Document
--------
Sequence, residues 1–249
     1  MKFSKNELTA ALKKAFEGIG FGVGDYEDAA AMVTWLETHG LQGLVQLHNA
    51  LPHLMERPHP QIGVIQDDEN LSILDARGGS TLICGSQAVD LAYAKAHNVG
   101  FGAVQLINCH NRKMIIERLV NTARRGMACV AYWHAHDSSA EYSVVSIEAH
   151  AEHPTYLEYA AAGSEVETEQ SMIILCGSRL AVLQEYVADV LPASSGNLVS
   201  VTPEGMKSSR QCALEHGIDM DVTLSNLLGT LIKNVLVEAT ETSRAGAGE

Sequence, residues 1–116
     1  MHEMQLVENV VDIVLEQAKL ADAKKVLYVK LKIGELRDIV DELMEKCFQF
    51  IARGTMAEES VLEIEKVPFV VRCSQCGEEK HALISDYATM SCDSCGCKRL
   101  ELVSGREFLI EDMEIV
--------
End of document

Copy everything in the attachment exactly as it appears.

Sequence, residues 1–249
     1  MKFSKNELTA ALKKAFEGIG FGVGDYEDAA AMVTWLETHG LQGLVQLHNA
    51  LPHLMERPHP QIGVIQDDEN LSILDARGGS TLICGSQAVD LAYAKAHNVG
   101  FGAVQLINCH NRKMIIERLV NTARRGMACV AYWHAHDSSA EYSVVSIEAH
   151  AEHPTYLEYA AAGSEVETEQ SMIILCGSRL AVLQEYVADV LPASSGNLVS
   201  VTPEGMKSSR QCALEHGIDM DVTLSNLLGT LIKNVLVEAT ETSRAGAGE

Sequence, residues 1–116
     1  MHEMQLVENV VDIVLEQAKL ADAKKVLYVK LKIGELRDIV DELMEKCFQF
    51  IARGTMAEES VLEIEKVPFV VRCSQCGEEK HALISDYATM SCDSCGCKRL
   101  ELVSGREFLI EDMEIV